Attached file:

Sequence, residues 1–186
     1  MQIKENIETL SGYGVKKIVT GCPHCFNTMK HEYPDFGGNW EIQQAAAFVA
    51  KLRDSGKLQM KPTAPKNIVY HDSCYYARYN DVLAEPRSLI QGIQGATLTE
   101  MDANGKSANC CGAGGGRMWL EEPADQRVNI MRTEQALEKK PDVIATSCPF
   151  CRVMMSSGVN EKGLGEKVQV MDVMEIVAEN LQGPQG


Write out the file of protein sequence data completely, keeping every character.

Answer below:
Sequence, residues 1–186
     1  MQIKENIETL SGYGVKKIVT GCPHCFNTMK HEYPDFGGNW EIQQAAAFVA
    51  KLRDSGKLQM KPTAPKNIVY HDSCYYARYN DVLAEPRSLI QGIQGATLTE
   101  MDANGKSANC CGAGGGRMWL EEPADQRVNI MRTEQALEKK PDVIATSCPF
   151  CRVMMSSGVN EKGLGEKVQV MDVMEIVAEN LQGPQG